Dental implants are a very successful tooth replacement option. Perhaps 98% of dental implants are initially successful, and they can last a lifetime when properly cared for. Nonetheless, people often worry that their implants may fail, which makes them concerned about the healing process.
The information we’re providing here is of a general nature for people considering dental implants or wanting a general refresher on the healing process. If you received implants from a Sydney implant dentist at My Hills Dentist, please check the materials we gave you at the surgery or contact us directly with questions.
Immediate Post-Surgical Stage: 0-24 Hours After Surgery
Immediately after surgery, you will likely feel no discomfort since anesthesia continues to numb the surgical site. There are three different conditions of the surgical site at this point, depending on the decision your Sydney implant dentist made at the time of surgery. You might have:
- Gums stitched closed
- A healing cap
- Full restoration, such as a dental crown, bridge, or denture
If the surgical site doesn’t have a restoration, your dentist likely placed gauze there to help stop bleeding. Continue to apply pressure to the gauze to stop bleeding. As necessary, change the gauze gently.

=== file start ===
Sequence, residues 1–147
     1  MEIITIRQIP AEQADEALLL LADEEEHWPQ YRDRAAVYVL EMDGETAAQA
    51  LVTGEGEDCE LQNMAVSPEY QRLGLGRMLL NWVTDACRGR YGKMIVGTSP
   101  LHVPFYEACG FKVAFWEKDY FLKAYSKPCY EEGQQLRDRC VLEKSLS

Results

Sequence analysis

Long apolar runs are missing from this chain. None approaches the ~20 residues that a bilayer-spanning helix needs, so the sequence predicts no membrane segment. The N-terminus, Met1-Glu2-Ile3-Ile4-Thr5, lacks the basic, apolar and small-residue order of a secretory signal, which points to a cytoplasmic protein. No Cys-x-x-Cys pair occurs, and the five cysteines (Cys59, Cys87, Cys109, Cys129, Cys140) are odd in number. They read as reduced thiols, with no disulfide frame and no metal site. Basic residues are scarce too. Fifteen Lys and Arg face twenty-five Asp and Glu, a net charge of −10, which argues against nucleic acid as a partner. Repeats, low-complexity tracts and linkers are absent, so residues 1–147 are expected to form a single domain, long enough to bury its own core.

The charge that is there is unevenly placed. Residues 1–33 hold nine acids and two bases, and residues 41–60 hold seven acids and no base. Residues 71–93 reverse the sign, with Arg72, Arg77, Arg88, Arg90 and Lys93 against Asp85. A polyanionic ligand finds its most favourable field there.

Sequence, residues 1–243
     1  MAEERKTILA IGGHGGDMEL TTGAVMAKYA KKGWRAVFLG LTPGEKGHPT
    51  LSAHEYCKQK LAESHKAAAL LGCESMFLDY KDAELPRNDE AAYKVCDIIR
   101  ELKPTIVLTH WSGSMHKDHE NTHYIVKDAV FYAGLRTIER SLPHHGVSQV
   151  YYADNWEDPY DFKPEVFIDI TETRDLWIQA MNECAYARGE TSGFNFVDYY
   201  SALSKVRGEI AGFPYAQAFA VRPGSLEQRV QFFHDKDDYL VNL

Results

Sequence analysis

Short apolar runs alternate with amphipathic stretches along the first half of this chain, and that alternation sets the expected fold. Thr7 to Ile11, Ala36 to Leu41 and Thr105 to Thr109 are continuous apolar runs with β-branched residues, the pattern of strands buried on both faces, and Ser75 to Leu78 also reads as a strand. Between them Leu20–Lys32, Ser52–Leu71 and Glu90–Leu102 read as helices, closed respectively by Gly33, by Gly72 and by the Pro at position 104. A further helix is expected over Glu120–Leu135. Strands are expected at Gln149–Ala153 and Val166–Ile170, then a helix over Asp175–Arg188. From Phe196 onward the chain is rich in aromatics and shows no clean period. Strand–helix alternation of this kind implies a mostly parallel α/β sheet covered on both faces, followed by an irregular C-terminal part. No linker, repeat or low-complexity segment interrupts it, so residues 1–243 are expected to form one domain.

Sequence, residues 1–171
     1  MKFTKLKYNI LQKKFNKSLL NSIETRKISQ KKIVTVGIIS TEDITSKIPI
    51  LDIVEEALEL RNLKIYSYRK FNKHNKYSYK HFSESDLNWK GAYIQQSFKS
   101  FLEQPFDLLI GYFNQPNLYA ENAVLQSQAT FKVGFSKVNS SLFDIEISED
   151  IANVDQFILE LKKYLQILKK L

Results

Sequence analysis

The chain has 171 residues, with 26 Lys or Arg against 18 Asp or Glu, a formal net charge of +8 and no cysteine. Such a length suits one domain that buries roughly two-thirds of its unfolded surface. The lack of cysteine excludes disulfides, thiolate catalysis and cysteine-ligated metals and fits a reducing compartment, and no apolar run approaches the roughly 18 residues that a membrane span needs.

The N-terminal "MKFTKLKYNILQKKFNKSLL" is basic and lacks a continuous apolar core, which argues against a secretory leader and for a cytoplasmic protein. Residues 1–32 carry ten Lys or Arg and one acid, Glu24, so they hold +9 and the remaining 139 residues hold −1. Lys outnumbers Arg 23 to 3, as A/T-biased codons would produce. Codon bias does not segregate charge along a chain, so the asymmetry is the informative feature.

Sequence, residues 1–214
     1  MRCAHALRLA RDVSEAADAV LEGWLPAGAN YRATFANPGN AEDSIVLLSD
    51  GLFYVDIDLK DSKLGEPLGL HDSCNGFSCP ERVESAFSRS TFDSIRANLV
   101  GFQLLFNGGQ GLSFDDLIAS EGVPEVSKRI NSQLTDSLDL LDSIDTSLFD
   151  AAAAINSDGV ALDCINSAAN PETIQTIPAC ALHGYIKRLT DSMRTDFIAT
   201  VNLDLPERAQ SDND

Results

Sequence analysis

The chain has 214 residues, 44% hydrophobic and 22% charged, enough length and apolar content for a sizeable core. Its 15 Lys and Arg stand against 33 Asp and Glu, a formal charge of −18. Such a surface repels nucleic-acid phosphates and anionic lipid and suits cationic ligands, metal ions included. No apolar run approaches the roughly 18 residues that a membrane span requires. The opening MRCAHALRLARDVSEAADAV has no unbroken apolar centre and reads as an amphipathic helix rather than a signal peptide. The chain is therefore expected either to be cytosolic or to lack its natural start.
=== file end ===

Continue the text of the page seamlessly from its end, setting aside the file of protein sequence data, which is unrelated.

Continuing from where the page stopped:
With a healing cap or full restoration, the configuration of gauze will depend on the geometry of the site and the extent of bleeding. Follow the specific postoperative instructions your Sydney implant dentist gave you.
As your local anesthesia wears off, you will begin to feel discomfort. Your dentist will tell you when to expect this and when to start taking pain medication to head it off. If your dentist prescribed pain medication, take it as directed. If not, you can take over-the-counter pain medications. Non-steroidal anti-inflammatory drugs (NSAIDs) like ibuprofen and naproxen have the advantage of reducing swelling. There is some concern that these medications may impact bone healing, but most studies indicate the effect isn’t clinically significant. However, if you have other risk factors for failure to integrate (osteoporosis, previous smoking, etc.), it might be best to avoid NSAIDs.
Eat only soft, mild foods. Don’t use a straw. Don’t smoke or drink alcohol. The night after your surgery, don’t brush your teeth, rinse, or spit. It’s best to avoid strenuous exercise–take the rest of the day off if you can. Apply an ice pack as necessary to combat swelling and discomfort. Keep your head elevated.